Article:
With the impending release of version 9.0 of the open-source Postgres database, due in mid-August, the developers behind the project are hoping that the new features will attract more interest from enterprises.
"The features going into 9.0 [were created to] ease the burden for people coming from proprietary databases to Postgres," said Bruce Momjian, a core developer to the open-source project, as well as a senior database architect for EnterpriseDB, which offers a commercially supported version of the database.
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"We're now focusing on ease of use, ease of administration, and providing the type of facilities that we think large organizations need," he said. A lot of what the developers are doing now is "putting the mainstream polish on the database, and not having it just be something for open-source people," he said.
When it comes to general-use, open-source relational databases, perhaps it is MySQL that most readily comes to mind, though the lesser-known PostgresSQL, more formally known as Postgres, has shown itself to be a credible choice as well.
EnterpriseDB has been marketing its version of the database as a lower-cost alternative to proprietary databases, such as Oracle's, as well as an alternative to MySQL, with the reasoning that Oracle now controls MySQL, and customers may want to diversify their database technologies.
"Postgres [usage] is continuing to grow really quickly. We're getting a lot of people who used to use Oracle, MySQL, and [IBM] DB2, and that has accelerated in the past six months or so," Momjian said.
For instance, data warehouse vendor Netezza used EnterpriseDB's Postgres Plus Advanced Server to power its new offering, Netezza Migrator, which is software that provides an Oracle-based interface for making SQL queries into Netezza's TwinFin data warehouse appliance.
Postgres 9.0 will update the last major version, 8.4, released last July. In June, developers released the second beta version of 9.0. The full release is expected around mid-August, Momjian said.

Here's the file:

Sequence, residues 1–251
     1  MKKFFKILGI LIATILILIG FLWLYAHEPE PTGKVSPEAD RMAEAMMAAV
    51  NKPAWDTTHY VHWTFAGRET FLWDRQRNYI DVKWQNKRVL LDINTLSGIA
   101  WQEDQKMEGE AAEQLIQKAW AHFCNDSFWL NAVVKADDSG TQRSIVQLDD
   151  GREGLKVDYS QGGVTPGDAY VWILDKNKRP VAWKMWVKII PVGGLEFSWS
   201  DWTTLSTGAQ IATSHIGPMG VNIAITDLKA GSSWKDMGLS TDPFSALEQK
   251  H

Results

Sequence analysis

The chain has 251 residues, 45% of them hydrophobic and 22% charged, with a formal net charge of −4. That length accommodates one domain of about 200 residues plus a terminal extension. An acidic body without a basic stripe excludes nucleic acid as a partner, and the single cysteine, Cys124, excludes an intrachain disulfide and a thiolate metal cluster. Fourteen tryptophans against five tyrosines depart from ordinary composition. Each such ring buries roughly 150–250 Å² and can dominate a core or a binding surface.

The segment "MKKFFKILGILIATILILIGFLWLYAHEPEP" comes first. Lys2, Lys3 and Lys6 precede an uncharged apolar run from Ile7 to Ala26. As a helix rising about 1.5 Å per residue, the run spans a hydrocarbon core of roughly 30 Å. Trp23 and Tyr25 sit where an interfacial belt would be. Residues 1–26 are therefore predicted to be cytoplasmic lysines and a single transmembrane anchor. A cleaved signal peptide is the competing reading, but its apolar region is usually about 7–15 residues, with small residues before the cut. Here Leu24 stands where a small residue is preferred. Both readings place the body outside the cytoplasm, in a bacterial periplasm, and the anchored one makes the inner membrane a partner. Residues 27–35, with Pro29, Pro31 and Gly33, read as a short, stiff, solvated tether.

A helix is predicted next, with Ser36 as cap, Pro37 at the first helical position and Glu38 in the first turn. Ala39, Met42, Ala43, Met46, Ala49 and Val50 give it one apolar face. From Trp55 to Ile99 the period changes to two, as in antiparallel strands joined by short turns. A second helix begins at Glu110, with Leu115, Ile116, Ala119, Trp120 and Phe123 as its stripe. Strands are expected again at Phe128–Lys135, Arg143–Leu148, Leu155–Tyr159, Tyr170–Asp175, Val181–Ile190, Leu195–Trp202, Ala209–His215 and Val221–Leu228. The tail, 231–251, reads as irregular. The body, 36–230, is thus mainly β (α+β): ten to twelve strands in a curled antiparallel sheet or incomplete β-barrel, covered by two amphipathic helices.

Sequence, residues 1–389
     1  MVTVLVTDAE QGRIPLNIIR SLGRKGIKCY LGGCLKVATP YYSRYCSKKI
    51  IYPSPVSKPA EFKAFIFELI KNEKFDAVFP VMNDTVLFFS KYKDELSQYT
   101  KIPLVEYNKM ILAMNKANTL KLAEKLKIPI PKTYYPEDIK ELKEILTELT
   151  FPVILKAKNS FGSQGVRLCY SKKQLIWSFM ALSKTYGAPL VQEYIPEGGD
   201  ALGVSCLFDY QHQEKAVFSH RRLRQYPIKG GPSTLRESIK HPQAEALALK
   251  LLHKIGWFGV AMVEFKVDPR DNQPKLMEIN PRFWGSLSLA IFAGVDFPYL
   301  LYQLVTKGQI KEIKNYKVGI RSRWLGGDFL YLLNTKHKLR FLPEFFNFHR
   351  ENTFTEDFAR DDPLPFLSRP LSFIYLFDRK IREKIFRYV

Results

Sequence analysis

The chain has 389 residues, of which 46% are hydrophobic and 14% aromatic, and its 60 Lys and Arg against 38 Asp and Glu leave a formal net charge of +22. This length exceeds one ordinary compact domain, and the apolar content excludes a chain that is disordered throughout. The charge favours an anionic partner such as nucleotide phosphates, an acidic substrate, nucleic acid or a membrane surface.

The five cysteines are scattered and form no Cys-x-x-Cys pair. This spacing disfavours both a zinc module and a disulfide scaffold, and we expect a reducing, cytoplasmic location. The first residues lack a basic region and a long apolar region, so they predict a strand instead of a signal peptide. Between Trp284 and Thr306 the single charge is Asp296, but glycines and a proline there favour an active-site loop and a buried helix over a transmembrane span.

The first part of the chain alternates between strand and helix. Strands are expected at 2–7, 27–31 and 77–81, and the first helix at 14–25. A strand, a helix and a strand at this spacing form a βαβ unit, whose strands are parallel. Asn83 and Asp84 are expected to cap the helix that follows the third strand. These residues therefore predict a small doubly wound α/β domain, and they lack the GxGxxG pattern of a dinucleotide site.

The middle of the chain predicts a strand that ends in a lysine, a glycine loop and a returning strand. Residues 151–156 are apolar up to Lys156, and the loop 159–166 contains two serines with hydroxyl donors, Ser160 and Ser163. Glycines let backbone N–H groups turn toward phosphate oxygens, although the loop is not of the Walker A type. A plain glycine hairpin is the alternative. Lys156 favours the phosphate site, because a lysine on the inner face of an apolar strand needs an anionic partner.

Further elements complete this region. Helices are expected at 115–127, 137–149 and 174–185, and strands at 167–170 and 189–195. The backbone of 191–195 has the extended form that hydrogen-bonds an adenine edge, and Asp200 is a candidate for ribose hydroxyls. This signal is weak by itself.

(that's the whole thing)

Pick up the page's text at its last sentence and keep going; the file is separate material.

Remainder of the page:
Version 9.0 will come with a number of new features that should appeal to enterprises, Momjian said in an interview with IDG News Service. Chief among them is internal replication.
With replication, the database is copied in a second location, in many cases on a different server located at some other location. Previous versions of Postgres offered what Momjian called "external replication," meaning a program outside the database itself copied the database transaction logs to the new location at pre-specified intervals. The transaction log is the record of all the changes made to a database.
This approach proved to be too slow and bulky. The new version of the software allows "streaming replication," meaning as soon as something is written to the original database, the database software also commits the data to the second database as well.
This approach means changes can be added to the second database more often, providing for a more up-to-date backup database. It also allows the second database to be queried against, which also wasn't possible in the previous setup, Momjian said.
Another major addition to the software is a tool that would make it easier for administrators to upgrade a Postgres database to a new version, called Pg_migrator. For past releases, especially with terabyte-sized databases, upgrading was "a painful process," Momjian admitted. The old process involved basically moving the entire contents of the database into a new file structure.
The new version allows the data to stay in place and only replaces the table layouts, a process that should take only a minute or so, even with terabyte-sized databases. "You can migrate a 400GB database in 40 seconds," Momjian said, pointing to a YouTube video he made demonstrating the process.
Beyond these major additions, "there's been a lot of overhaul" of Postgres in general, warranting the jump in major release numbering, from version 8 to version 9, Momjian said. Support for stored procedures has been expanded, allowing for new types of procedures to be executed. The Perl compiler has been overhauled, and the Python compiler can work with version 3 of that language.
A lot of these smaller features should also encourage enterprise use. For instance, permissions management -- which specifies who gets to see which parts of the database -- has been revamped.
Also, the software can now show administrators which applications are making which calls to the database, Momjian said. "When an application connects to the database, it can supply its name," and, in turn, this name is shown on the administrator console for looking at queries, he said.